Manhattan’s Free Bridges: To Toll or Not to Toll

By Yi Yang
Yi Yang
Yi Yang
December 15, 2013 Updated: December 15, 2013

NEW YORK—Imposing a toll on Manhattan’s free bridges would raise revenue for transit improvements, create thousands of jobs, and ease traffic congestion in residential neighborhoods, according to the former New York City Traffic Commissioner Sam Schwartz.

Not so, according state Sen. Tony Avella—and not at the cost of burdening local families and businesses. To counter Schwartz’s plan, Avella and Assemblyman David Weprin drafted legislation that would prohibit tolls on bridges that cross the East River to Manhattan: Queensboro Bridge, Williamsburg Bridge, Manhattan Bridge, and Brooklyn Bridge.

“In my opinion, it is discriminatory to charge people to go from one part of the city to the other,” said Avella in freezing weather at Queens Plaza beneath the Queensboro Bridge on Dec. 13.

Schwartz released his plan, More Equitable Transportation Formula for NY Metro Area, in March. It calls for a drastic overhaul of the city’s current toll system. The plan proposes that free East River bridges get a toll of $5 for E-ZPass users and $7 for cash paying drivers. At the same time, tolls for bridges that don’t directly link to the Manhattan central business district, such as the Triborough Bridge, the Whitestone Bridge, or the Verrazano Bridge, would be cut by almost half.

According to Move NY, an organization promoting Schwartz’s plan, the $1.5 billion generated through the tolls will be used to improve mass transit, roads, and bridges to benefit both commuters and motorists. The plan would create approximately 35,000 new jobs and ease congestion in neighborhoods near the free bridges.

“We toll practically every single other crossing between every other borough in the five boroughs of New York City already. So why is it sacrosanct to these four facilities?” said Alex Matthiessen, director of Move NY. “We’re just asking everybody to pay their fair share and in doing so we can raise the kind of revenue that will allow us to invest into our mass transit system and create the kind of transit service that everybody can enjoy and benefit from.”

But Avella and Weprin say there are other ways to raise funds to upgrade the city’s transportation infrastructure. Weprin suggests a 1 percent commuter tax, which will amount to $1 billion per year to be split between the Metropolitan Transportation Authority and the city.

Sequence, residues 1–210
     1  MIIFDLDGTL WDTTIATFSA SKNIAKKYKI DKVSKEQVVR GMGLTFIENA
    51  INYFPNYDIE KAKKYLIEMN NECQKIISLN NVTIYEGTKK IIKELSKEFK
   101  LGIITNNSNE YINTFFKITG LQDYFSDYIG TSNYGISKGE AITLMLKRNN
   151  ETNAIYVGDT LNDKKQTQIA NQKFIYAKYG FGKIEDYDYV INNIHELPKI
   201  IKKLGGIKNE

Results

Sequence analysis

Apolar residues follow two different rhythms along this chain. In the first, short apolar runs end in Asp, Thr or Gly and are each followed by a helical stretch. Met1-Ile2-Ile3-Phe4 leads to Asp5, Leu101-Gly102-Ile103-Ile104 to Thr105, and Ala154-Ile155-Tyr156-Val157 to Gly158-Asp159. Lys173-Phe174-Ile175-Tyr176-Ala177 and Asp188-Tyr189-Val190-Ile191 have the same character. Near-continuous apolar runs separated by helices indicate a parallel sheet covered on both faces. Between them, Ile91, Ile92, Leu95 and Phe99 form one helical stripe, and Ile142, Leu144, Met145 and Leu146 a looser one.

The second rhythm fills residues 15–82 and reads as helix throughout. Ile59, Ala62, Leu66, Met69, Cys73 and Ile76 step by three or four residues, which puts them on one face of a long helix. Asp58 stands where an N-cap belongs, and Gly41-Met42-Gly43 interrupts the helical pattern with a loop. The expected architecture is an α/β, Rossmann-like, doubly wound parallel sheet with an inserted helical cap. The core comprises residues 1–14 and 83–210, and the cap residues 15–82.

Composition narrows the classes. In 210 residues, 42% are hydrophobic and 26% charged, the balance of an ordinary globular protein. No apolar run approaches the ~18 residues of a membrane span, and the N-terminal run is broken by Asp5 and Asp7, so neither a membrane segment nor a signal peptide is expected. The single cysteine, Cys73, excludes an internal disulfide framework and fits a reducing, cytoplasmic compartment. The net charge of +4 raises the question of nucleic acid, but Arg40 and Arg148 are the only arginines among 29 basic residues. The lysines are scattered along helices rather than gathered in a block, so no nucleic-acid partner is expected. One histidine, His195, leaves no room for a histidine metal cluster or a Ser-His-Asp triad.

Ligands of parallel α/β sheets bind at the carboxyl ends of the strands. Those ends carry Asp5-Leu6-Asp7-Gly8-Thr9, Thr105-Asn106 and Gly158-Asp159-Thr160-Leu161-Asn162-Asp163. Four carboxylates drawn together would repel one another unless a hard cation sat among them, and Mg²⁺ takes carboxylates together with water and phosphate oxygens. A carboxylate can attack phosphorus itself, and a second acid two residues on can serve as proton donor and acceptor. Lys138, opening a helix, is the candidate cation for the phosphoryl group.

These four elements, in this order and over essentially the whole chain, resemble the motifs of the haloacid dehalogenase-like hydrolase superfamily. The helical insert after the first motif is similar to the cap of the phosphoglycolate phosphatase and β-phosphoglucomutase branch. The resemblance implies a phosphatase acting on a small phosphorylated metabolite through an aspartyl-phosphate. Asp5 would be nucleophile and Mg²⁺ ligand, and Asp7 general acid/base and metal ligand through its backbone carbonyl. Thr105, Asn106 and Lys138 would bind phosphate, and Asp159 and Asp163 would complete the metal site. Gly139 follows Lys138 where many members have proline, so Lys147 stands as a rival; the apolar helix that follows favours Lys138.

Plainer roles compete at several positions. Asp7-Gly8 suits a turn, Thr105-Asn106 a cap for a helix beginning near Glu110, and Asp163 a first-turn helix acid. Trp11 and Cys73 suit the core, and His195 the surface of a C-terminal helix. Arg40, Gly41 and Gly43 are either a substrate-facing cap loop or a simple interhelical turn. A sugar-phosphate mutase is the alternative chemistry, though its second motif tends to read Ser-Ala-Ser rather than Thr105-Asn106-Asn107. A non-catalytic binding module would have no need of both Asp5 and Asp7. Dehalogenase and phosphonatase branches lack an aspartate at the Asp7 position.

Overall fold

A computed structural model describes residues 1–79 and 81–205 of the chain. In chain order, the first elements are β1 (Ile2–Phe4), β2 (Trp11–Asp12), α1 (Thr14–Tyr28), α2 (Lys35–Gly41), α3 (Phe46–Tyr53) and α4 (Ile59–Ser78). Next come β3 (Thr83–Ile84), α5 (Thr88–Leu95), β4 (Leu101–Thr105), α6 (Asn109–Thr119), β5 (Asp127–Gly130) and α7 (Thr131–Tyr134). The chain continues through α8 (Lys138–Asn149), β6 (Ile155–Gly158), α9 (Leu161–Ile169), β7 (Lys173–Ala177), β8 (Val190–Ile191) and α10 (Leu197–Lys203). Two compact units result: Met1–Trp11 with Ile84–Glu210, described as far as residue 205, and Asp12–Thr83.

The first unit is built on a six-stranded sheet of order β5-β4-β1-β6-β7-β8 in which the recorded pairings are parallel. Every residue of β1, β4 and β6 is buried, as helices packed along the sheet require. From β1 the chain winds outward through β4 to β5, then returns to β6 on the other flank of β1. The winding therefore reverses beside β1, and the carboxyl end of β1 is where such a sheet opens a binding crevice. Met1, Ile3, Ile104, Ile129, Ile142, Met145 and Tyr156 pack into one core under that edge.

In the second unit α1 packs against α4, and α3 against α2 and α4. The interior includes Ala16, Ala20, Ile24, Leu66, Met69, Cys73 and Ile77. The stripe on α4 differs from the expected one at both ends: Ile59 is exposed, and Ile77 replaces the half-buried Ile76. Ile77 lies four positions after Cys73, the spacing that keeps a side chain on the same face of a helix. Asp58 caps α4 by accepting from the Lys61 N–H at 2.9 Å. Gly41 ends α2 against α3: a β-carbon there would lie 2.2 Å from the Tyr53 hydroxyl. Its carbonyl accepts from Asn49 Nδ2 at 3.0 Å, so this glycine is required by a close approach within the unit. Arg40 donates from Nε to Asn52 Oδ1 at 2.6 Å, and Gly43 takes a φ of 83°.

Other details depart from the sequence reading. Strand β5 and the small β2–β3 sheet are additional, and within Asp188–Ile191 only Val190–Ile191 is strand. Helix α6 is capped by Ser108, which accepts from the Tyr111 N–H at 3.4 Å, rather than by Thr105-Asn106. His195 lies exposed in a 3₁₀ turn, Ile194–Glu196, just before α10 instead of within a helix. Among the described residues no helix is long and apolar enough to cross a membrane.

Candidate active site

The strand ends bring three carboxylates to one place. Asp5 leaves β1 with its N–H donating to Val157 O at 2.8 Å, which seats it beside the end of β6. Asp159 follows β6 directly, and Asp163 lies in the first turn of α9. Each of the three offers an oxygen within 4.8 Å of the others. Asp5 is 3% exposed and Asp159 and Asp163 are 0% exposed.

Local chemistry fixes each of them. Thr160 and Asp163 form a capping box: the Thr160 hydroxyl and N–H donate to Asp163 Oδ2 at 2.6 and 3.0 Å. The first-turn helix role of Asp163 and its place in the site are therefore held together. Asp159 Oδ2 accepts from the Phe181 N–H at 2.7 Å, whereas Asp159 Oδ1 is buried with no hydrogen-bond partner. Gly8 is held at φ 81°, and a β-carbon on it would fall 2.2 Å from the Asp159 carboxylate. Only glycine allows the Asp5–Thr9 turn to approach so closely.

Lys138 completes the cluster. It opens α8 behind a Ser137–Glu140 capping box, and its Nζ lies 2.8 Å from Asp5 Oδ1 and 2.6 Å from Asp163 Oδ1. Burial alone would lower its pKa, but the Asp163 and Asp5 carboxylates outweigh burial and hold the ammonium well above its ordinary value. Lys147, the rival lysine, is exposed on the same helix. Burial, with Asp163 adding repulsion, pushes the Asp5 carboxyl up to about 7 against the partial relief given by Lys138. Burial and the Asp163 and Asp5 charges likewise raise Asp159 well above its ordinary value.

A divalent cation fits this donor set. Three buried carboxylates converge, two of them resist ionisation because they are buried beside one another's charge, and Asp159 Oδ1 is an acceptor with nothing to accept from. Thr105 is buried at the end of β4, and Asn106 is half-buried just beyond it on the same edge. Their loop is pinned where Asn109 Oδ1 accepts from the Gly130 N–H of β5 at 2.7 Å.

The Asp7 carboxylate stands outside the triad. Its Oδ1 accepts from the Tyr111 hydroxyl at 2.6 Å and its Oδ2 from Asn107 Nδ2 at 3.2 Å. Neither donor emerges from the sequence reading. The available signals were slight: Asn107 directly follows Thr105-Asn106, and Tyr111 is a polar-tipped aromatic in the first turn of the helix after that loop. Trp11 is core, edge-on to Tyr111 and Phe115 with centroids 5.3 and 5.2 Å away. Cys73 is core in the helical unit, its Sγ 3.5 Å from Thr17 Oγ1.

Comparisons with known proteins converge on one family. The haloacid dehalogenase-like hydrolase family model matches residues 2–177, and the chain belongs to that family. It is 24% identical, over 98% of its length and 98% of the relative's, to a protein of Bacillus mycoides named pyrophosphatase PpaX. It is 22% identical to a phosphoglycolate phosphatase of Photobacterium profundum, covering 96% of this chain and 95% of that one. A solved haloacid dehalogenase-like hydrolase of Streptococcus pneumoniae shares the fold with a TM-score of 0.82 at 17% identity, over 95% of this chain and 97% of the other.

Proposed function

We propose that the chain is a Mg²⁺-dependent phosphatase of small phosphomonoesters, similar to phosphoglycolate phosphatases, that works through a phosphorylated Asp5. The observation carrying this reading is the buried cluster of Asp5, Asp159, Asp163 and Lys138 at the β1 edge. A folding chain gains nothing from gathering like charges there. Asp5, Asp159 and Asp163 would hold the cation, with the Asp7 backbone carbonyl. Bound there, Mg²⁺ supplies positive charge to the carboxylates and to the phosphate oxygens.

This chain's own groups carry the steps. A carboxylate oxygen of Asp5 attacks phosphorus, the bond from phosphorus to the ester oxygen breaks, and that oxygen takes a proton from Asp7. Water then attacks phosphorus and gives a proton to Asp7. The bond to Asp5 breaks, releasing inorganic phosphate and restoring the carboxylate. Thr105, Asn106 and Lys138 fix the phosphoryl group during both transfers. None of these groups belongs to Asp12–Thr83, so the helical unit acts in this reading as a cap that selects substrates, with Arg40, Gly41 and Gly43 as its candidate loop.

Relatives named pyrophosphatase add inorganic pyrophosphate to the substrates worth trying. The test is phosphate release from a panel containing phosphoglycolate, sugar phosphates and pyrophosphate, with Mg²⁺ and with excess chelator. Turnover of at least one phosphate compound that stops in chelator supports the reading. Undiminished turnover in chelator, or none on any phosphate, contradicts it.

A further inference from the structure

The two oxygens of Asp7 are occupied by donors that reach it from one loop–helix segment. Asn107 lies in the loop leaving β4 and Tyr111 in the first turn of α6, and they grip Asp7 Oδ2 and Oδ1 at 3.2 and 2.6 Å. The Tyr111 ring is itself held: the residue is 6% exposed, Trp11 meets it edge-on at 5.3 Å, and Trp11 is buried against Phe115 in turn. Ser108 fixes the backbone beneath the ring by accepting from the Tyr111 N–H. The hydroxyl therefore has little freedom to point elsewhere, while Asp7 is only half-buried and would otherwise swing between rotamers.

“I think that would be a much better approach for funding than tolling the free bridges,” said Weprin. “I am skeptical about tolling the free bridges, because once the free bridges are tolled, and the infrastructure is in place, we all know from experience that it would be very hard to reverse that.”

“I know my colleagues in government. The minute that plan will go into effect, those half fares on the other bridges would start to go up,” said Avella.

Avella also said that the implementation of the plan will do little to reduce congestion and will only add a burden to working families and local businesses who rely heavily on their cars, especially to those who need to travel frequently between Manhattan and the outer boroughs.

“There are places in Queens and neighborhoods in Queens, especially the districts that we represent, where you need a car to get around. And I said years ago and I say it again, nobody drives into Manhattan for the pleasure of it, people drive in because they have to,” said Avella. “Imposing tolls on the East River bridges is just one more unfair burden on people who can least afford it.”

Thus far, both sides have supporters. However, even if change happens, it won’t come right away. In order for the new tolling system to be put in place, the city must get behind it and the plan must be approved by Albany. Mayor-elect Bill de Blasio did not show support for the plan, and Gov. Andrew Cuomo said that he doesn’t believe the plan will pass.

Yi Yang is a special correspondent in New York.

Yi Yang